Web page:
I got glandular fever when I was 19, and I have been struggling for the last 5 years to get my health back. It's taken a really long time to get my health under control and manage the ongoing inflammation that it caused in my body. It's caused so many odd and seemingly unrelated symptoms. I'm putting a lot of effort into managing my stress and sleep, as well as managing my diet to reduce inflammation. I am hoping that by taking a holistic and natural approach to my health I'll be able to regain some balance and control back to my immune system.
If you've never had physiotherapy before, you might be a little nervous about your first appointment. To help you feel better prepared, here's a quick guide to everything you'll want to know before you arrive.
How does physiotherapy work?
During physiotherapy you'll use a combination of movements, exercises and "manual therapy" - which is a lot like massage - to improve movement and strength in various parts of your body and to help you minimise the amount of pain you feel. Physiotherapists will also help you with your mobility aids, recommending specific types and showing you how to use them correctly.
What should I wear?
The most important thing is to wear comfortable clothes that don't restrict your movement and are suitable for exercise. Your physio is going to need to see the affected area close-up as you move, so if it's possible to wear an outfit that makes that easier - such as shorts for leg treatments - then you may wish to do so. If you wear bras, a sports bra is a good idea.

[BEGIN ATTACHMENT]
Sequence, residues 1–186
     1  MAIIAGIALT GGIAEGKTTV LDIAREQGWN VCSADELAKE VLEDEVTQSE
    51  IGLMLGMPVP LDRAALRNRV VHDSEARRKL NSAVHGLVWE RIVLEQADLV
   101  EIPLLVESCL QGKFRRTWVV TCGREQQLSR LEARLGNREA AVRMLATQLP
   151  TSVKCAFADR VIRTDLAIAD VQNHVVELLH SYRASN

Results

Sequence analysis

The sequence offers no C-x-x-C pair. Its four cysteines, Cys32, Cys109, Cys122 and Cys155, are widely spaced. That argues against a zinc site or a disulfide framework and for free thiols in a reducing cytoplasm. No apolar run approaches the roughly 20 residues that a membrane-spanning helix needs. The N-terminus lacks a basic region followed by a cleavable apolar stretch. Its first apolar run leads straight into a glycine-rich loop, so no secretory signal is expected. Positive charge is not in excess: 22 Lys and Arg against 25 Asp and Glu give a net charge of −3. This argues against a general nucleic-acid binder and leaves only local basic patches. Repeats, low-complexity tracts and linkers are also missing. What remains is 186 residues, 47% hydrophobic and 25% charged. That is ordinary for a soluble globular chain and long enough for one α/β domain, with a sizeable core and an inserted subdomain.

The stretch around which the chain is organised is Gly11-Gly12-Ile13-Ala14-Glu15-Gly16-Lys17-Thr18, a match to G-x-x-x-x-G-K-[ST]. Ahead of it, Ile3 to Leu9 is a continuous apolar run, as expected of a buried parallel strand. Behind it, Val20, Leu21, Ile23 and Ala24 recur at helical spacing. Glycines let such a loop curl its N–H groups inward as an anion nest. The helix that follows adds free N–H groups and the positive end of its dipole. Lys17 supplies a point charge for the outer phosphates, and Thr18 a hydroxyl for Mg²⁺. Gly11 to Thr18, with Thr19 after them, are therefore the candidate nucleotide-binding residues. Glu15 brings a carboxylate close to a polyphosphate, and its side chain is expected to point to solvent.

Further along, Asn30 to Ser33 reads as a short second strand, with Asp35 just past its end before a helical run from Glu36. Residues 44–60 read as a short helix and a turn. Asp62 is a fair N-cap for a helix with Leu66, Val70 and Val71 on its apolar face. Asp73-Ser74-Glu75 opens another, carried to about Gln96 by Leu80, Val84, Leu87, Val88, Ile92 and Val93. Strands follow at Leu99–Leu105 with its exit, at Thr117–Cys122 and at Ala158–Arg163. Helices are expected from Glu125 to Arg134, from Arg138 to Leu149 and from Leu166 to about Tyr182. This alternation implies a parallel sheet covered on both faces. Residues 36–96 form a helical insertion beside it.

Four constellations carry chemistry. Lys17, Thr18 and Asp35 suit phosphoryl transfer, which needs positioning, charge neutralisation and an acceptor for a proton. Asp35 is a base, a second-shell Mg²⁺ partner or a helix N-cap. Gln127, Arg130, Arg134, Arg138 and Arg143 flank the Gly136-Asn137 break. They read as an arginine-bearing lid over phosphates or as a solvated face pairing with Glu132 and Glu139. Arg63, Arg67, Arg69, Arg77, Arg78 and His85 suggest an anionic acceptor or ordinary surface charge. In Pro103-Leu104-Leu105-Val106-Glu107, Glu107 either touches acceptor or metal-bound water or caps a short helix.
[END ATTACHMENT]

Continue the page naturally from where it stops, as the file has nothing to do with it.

What will happen at my first appointment?
Initial appointments are generally about an hour long, and you're likely to find that you do less actual physical therapy at your first meeting with a new physio than you do in subsequent ones. This is because you and your physio will need to complete the consultation stage to ensure you're receiving the best care for you, and because they'll want to take the chance to ensure you know what to expect over the course of your therapy. This is also a good chance for you to ask any questions you might have, such as about exercises you should do on your own at home and mobility aids you might wish to look into.
How does a course of physiotherapy progress?
Over subsequent appointments, your physio will watch you carefully to ensure that the difficulty and intensity of your therapy is increasing in accordance with your progress. How often you see your physio will vary depending on your individual requirements, but 60 minutes once a week is the most common plan. It can be difficult for a physiotherapist to tell you in advance exactly how your course will progress, because it depends so much on your own rate of progress and on how well your body heals. The best way to help is simply to follow your physio's instructions - trust them to know how to help you help yourself!Share
9 May 2016